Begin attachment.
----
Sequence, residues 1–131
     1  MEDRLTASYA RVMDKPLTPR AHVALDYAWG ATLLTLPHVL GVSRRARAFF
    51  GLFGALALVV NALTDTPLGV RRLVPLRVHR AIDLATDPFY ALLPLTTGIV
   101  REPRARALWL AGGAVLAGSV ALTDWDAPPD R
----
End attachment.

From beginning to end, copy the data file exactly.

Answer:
Sequence, residues 1–131
     1  MEDRLTASYA RVMDKPLTPR AHVALDYAWG ATLLTLPHVL GVSRRARAFF
    51  GLFGALALVV NALTDTPLGV RRLVPLRVHR AIDLATDPFY ALLPLTTGIV
   101  REPRARALWL AGGAVLAGSV ALTDWDAPPD R